UNC -- Gratuitous anti-gun propaganda - Page 2

UNC -- Gratuitous anti-gun propaganda

This is a discussion on UNC -- Gratuitous anti-gun propaganda within the General Firearm Discussion forums, part of the Related Topics category; Guns have moving parts. Wait, guns are restricted? Where? In NC you have to get a purchase permit from the Sheriff, but I hardly call ...

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Thread: UNC -- Gratuitous anti-gun propaganda

  1. #16
    VIP Member Array paramedic70002's Avatar
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    Guns have moving parts.

    Wait, guns are restricted? Where? In NC you have to get a purchase permit from the Sheriff, but I hardly call that a restriction. More a pain in the butt.

    Sarcasm off.
    "Each worker carried his sword strapped to his side." Nehemiah 4:18

    Guns Save Lives. Paramedics Save Lives. But...
    Paramedics With Guns Scare People!


  2. #17
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    re: maddyfish

    Quote Originally Posted by maddyfish View Post
    That's par for the course. My Statistics course textbook is a flaming pile of lib garbage.
    Uh, statistics is a mathematically based science. You should be learning topics such as the difference between continuously variable data and categorical data, how to mathematically test hypotheses using both types of data; how to design experiments, linear regression, multiple regression, analysis of variance, probability, normal distribution and other distributions and which tests of hypotheses apply to each, non-parametric statistical methods used with categorical data for example.

    If you aren't being taught the mathematical basis for these things or the application of statistical methods to hypothesis testing, and how to use these procedures, you are: 1) either not in a statistics course 2) not understanding what is being taught to you.

    What statistics textbook are you calling "lib garbage?"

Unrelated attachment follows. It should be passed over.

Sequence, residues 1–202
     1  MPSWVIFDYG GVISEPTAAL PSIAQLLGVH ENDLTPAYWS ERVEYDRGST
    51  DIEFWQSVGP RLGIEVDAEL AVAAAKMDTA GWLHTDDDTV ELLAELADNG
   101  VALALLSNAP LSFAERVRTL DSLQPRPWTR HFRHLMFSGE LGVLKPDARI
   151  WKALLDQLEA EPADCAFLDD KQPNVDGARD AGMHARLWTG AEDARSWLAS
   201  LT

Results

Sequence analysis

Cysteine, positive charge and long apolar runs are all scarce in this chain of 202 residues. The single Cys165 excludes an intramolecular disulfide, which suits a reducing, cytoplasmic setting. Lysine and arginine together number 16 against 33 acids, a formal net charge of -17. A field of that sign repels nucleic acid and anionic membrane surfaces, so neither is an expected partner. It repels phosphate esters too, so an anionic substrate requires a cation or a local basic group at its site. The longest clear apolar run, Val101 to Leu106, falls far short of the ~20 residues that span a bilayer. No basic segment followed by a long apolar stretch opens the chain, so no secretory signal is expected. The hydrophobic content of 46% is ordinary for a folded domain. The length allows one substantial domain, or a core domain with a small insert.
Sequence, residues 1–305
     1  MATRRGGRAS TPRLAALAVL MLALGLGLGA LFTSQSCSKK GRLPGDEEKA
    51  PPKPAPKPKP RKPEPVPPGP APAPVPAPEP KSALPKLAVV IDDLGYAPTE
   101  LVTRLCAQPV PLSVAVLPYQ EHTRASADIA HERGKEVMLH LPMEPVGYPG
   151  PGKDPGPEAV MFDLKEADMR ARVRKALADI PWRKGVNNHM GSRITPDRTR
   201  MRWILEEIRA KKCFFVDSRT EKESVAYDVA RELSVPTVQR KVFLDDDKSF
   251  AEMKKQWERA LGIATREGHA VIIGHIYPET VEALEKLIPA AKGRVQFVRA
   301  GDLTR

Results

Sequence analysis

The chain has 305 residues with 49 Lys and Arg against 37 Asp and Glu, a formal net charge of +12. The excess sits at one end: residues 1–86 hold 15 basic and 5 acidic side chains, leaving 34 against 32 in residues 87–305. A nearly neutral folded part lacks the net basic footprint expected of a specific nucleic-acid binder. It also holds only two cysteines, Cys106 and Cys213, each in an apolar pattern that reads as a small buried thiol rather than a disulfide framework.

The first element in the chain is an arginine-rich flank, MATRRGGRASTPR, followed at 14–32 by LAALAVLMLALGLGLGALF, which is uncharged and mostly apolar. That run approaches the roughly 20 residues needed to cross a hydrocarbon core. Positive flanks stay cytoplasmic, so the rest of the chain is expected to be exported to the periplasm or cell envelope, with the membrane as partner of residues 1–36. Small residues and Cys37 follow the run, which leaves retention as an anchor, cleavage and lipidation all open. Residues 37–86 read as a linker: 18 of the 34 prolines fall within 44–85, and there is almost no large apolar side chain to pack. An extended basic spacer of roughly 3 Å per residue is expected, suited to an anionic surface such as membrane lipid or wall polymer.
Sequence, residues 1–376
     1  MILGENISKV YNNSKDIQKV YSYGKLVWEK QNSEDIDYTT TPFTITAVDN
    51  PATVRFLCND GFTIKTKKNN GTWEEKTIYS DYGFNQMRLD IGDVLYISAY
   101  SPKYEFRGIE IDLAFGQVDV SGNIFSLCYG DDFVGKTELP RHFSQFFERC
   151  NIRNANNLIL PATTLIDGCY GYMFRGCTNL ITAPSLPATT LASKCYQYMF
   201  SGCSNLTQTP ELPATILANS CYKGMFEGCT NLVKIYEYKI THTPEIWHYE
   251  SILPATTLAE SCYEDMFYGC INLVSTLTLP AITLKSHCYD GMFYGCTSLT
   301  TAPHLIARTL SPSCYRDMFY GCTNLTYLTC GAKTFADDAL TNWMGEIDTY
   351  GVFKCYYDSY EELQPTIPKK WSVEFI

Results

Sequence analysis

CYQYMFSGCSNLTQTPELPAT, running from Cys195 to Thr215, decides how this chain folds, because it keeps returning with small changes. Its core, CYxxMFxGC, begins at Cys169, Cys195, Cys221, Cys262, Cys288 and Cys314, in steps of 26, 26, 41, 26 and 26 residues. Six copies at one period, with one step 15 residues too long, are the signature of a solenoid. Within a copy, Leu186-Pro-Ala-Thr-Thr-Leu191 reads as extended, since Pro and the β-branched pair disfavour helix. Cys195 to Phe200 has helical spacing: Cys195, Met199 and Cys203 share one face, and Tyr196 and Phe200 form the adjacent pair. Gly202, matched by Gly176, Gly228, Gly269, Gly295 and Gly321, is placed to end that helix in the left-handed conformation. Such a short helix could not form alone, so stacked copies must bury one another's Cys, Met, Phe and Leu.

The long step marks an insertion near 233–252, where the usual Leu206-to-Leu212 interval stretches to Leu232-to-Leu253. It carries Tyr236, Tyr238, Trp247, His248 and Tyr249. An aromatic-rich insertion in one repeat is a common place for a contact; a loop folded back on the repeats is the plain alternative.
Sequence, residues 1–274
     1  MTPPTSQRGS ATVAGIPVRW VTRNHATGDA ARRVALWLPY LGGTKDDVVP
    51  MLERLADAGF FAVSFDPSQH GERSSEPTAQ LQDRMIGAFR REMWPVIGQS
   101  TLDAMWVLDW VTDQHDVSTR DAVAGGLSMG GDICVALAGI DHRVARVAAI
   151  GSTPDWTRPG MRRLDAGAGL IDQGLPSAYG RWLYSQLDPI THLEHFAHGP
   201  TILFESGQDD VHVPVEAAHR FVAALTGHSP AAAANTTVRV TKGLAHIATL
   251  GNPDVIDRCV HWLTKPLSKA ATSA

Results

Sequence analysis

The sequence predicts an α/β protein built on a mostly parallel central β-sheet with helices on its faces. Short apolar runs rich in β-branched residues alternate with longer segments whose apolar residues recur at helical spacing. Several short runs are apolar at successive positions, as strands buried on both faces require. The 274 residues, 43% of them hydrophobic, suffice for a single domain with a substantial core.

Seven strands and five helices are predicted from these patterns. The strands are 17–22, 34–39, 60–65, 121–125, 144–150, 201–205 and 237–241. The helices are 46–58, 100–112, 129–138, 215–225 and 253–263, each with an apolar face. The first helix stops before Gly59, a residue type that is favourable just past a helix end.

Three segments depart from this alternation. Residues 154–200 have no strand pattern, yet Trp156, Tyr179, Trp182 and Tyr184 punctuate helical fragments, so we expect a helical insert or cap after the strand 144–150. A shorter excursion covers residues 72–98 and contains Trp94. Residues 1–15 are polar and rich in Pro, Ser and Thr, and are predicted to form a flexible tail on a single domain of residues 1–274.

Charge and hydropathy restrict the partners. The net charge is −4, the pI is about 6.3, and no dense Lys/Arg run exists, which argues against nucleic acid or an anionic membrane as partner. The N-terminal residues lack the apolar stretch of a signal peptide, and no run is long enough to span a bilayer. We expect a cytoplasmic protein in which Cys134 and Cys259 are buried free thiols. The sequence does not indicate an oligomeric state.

You are half way through a semester now and should have some idea of what the course is about. Politics it ain't, and there is no way to make the subject matter political.

    Something is wrong.

  3. #18
    VIP Member Array chiefjason's Avatar
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    Quote Originally Posted by paramedic70002 View Post
    Guns have moving parts.

    Wait, guns are restricted? Where? In NC you have to get a purchase permit from the Sheriff, but I hardly call that a restriction. More a pain in the butt.

    Sarcasm off.
    Depends on the sheriff. In my county it's just a pain in the butt. In others it is a full blown restriction and is not issued just because you pass the background check. The bill to remove it last year did not go anywhere.
    I prefer to live dangerously free than safely caged!

    "Our houses are protected by the good Lord and a gun. And you might meet 'em both if you show up here not welcome son." Josh Thompson "Way Out Here"

  4. #19
    VIP Member Array Janq's Avatar
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    Agreed, the author is correct.

    But the author also leaves out context.
    Context as to how the analogy was used to start.

    Most commonly the context of a persons making such a statement is toward a firearm/gun being used to intimidate/injure a single person...Not a crowd of people (!).

    An average person would not think that a hammer would be functional to attack a crowd of people.
    Duh!

    But for same purpose an automobile would be and commonly is used to same net effect. But those too are to a degree restricted.
    But items that are not include; fire (!), gasoline, gasses & fumes/vapors (i.e. ever been trapped in an elevator after somebody ripped a fart...WMD!) and other more _functional_ means to achieve the goal of crowd intimidation/injury.

    The authors assessment is technically correct and true.
    But the authors underlying pointed statement as per this example is incorrect and false.

    - Janq
    "Killers who are not deterred by laws against murder are not going to be deterred by laws against guns. " - Robert A. Levy

    "A license to carry a concealed weapon does not make you a free-lance policeman." - Florida Div. of Licensing

  5. #20
    Member Array delford's Avatar
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    Quote Originally Posted by chiefjason View Post
    Depends on the sheriff. In my county it's just a pain in the butt. In others it is a full blown restriction and is not issued just because you pass the background check. The bill to remove it last year did not go anywhere.
    Down in Mecklenburg County, NC, the Sheriff is amenable to concealed carry and once I did the paperwork I got my CCP in 35 days.

  6. #21
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    You don't have to reload hammers though, that makes them MORE dangerous!

  7. #22
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    Quote Originally Posted by Janq View Post